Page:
Wednesday, January 18, 2017

Fear and Life Lessons - Short Story

This week's short story prompt from Chuck (link: was short and sweet: Write about what scares you. Not as easy as it sounds, but to give up on only the second challenge was not an option. You'd think the first thing on my list of fears would be to spell it all out right here. It is a little bit scary, but that's the point I guess. Feedback and comments are welcome and appreciated. Thank you.

Fear and Life Lessons
by Michelle Baillargeon

“We stopped checking for monsters under the bed when we realized they were inside of us.” Stephen King

What scares me? My first reaction is a quick “not much.” I grew up reading horror stories and watching scary movies. I’ve had a long relationship with horror so it takes a lot to give me a good scare these days. The last time was The Blair Witch Project. It was original, clever and it looked just like the woods from my childhood. Scary. 

I realized, though, scary monsters do exist. They’re giant, hairy creatures with big claws and pointy teeth and they live inside me. Dracula, the Mummy and the Wolfman have nothing on these guys. Comparatively, my monsters have such unassuming names: Bees, Conflict, Winter Driving, Heights, Missing Out, Meeting New People; but they pack a punch. Yet, one cannot live in fear. Not completely, not happily and not for long. So, one chooses her weapons carefully and charges into battle.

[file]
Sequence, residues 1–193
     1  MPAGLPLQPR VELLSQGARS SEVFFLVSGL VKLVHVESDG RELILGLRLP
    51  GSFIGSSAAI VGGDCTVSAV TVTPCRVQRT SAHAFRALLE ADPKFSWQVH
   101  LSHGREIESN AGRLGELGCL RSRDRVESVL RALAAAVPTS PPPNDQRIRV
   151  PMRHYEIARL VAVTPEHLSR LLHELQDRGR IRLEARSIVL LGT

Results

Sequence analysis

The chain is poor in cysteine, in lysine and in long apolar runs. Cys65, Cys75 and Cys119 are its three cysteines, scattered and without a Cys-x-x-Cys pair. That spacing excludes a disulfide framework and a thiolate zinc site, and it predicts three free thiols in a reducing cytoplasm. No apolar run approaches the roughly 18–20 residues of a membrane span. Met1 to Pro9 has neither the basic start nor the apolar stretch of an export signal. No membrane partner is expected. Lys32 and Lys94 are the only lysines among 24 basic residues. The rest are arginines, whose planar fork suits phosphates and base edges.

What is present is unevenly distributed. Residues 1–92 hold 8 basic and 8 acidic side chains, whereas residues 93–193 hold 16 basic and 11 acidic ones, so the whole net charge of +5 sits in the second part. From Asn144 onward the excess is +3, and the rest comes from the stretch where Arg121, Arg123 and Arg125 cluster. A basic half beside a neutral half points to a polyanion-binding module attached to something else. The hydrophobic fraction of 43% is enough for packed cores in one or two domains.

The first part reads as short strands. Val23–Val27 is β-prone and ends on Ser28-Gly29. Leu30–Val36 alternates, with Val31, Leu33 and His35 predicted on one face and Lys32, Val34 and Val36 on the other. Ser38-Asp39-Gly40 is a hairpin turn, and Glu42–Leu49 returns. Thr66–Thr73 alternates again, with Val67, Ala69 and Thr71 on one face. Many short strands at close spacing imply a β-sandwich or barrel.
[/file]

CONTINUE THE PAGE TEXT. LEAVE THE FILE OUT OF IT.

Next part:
Bees, wasps and yellow-jackets scare me. It’s not so much the bee itself, it’s the threat of the chase or the possibility of the sting. When a bee or wasp flies near, something cold and clammy grabs my heart, I hold my breath and freeze, waiting and watching. Will it fly away or come at me? Panic builds inside me until the bee flies away, unaware. I have a policy now: “I won’t bother you if you don’t bother me.” It seems to work. I am able to keep the cold dead hand from clutching at my heart. I can even appreciate them (from afar, of course). The monster isn’t dead, but I’ve shushed him. 

When I was in the third grade, my family was in a car accident in Vermont. It was winter, snowing, and extremely cold. That was the night I learned bridges freeze first. My Dad, who’d been hunting, was asleep in the back seat, my mom was driving. I had shotgun, which gave me a front row seat to the whole event. We hit the first bridge head on when the car went into a spin. We watched, helpless and at the mercy of the ice, as the deep ravine below the bridge came into view (did I mention my fear of heights yet?). The car bounced off the guard rail and the car completed the spin. We slid onto the next bridge where the scene was repeated. Somehow, Mom got the car to the median, where all six of us scrambled from the car, unhurt. A pickup truck with a camper on it hit our car and rolled down the median, just missing my little brother.